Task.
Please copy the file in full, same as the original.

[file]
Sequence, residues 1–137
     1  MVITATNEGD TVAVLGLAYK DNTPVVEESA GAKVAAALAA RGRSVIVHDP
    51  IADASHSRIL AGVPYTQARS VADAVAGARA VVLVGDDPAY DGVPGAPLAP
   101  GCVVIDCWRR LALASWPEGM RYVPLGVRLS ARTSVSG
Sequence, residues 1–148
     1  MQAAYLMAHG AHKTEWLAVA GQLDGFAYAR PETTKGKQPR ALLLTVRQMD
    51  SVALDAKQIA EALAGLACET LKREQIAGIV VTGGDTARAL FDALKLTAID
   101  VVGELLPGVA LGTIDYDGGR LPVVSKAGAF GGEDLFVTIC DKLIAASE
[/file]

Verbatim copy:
Sequence, residues 1–137
     1  MVITATNEGD TVAVLGLAYK DNTPVVEESA GAKVAAALAA RGRSVIVHDP
    51  IADASHSRIL AGVPYTQARS VADAVAGARA VVLVGDDPAY DGVPGAPLAP
   101  GCVVIDCWRR LALASWPEGM RYVPLGVRLS ARTSVSG
Sequence, residues 1–148
     1  MQAAYLMAHG AHKTEWLAVA GQLDGFAYAR PETTKGKQPR ALLLTVRQMD
    51  SVALDAKQIA EALAGLACET LKREQIAGIV VTGGDTARAL FDALKLTAID
   101  VVGELLPGVA LGTIDYDGGR LPVVSKAGAF GGEDLFVTIC DKLIAASE